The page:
The plane began its gradual descent. Lake Erie appeared through the summer haziness, then Columbus, and then the squiggly Ohio River. In West Virginia, rows and rows of hundreds of windmills towered above lush hardwood forests on old, folded mountain ridges. John Denver played in my head.

As the sun waned, the plane drew lower and lower. We crossed the Appalachians, the Shenandoah Valley, and the Blue Ridge Mountains, all in less than a minute. Through the haze, we landed with a gentle bounce.

We had had a marvelous trip, but it was good to be home under a cloudless sky.

Home.


© Bruce Stambaugh 2019

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Filed under human interest, nature photography, photography, Shenandoah Valley, travel, weather, writing

Contrails, Clouds, and Cows.

August sunset, Ohio's Amish Country, contrails

Contrails, Clouds, and Cows.

The title of this photos says it all. The August sunset illuminated the contrails and clouds and silhouetted the cows grazing on the hillside pasture.

“Contrails, Clouds, and Cows” is my Photo of the Week.

© Bruce Stambaugh 2016

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Filed under nature photography, Ohio, Ohio's Amish country, Photo of the Week, photography, rural life, writing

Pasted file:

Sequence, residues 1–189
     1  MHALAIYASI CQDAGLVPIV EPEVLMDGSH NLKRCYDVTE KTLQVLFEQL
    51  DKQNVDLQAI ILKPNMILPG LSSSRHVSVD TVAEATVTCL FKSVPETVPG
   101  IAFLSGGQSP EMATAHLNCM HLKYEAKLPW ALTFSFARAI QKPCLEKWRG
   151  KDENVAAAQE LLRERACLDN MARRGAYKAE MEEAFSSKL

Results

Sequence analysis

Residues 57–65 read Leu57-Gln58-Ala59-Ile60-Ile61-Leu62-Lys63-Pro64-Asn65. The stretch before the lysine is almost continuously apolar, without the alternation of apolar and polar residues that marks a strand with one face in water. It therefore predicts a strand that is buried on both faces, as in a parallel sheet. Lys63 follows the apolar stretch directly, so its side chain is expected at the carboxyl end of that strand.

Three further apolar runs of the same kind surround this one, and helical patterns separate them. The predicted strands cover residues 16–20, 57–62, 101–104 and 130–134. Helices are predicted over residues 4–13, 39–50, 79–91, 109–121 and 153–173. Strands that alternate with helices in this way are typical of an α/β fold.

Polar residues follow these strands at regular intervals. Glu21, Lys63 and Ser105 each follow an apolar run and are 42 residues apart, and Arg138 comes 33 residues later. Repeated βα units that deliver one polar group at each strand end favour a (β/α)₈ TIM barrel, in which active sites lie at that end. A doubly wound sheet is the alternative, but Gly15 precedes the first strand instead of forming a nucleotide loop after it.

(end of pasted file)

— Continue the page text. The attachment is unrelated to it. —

Explosive Cloud

clouds

Explosive Cloud.

I love clouds. Their various formations, ever-changing shapes, and interplay with light intrigue me.

I had just arrived home after an all day drive from out of state when I spotted this cloud seemingly exploding over the hill behind our home. The cloud was so thick the late evening sun barely filtered through, creating varying color patches among the grays and silver.

“Explosive Cloud” is my photo of the week.

© Bruce Stambaugh 2015

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Fall migration

Beneath scalloped clouds,
Chimney Swifts drew southerly
loops above the trees.

© Bruce Stambaugh 2014

scallopedcloudsbybrucestambaugh

Scalloped clouds. © Bruce Stambaugh 2014.

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Filed under birding, haiku, Ohio, photography, poem, poetry, weather, writing

Sunset haiku

Mackerel clouds at sunset by Bruce Stambaugh

Mackerel clouds at sunset.

Mackerel clouds sail
above the gilded sunset,
trees silhouetted.

Bruce Stambaugh
Feb. 21, 2011

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Quaking aspen haiku

Against lazy clouds
and sapphire sky, emeralds
silently quiver.

Bruce Stambaugh
August 18, 2010

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In appreciation of Mother Earth

Oat shocks by Bruce Stambaugh

Oat shocks near Mt. Hope, Ohio.

By Bruce Stambaugh

The deep orange crescent moon sat just above the tree line on the dusky horizon. Fanned out high over its tip, Saturn, Mars and Venus sparkled in the late evening sky.

Lightening flashed suddenly and silently interrupting the cloudless scene. Radar indicated the thunderstorm 120 miles southeast near Parkersburg, West Virginia.

The next morning, this natural display of awe and beauty was enthusiastically discussed among those who know the value of such a free show. They were gathered in the shade of a vendor’s tent at the annual Family Farm Field Day event.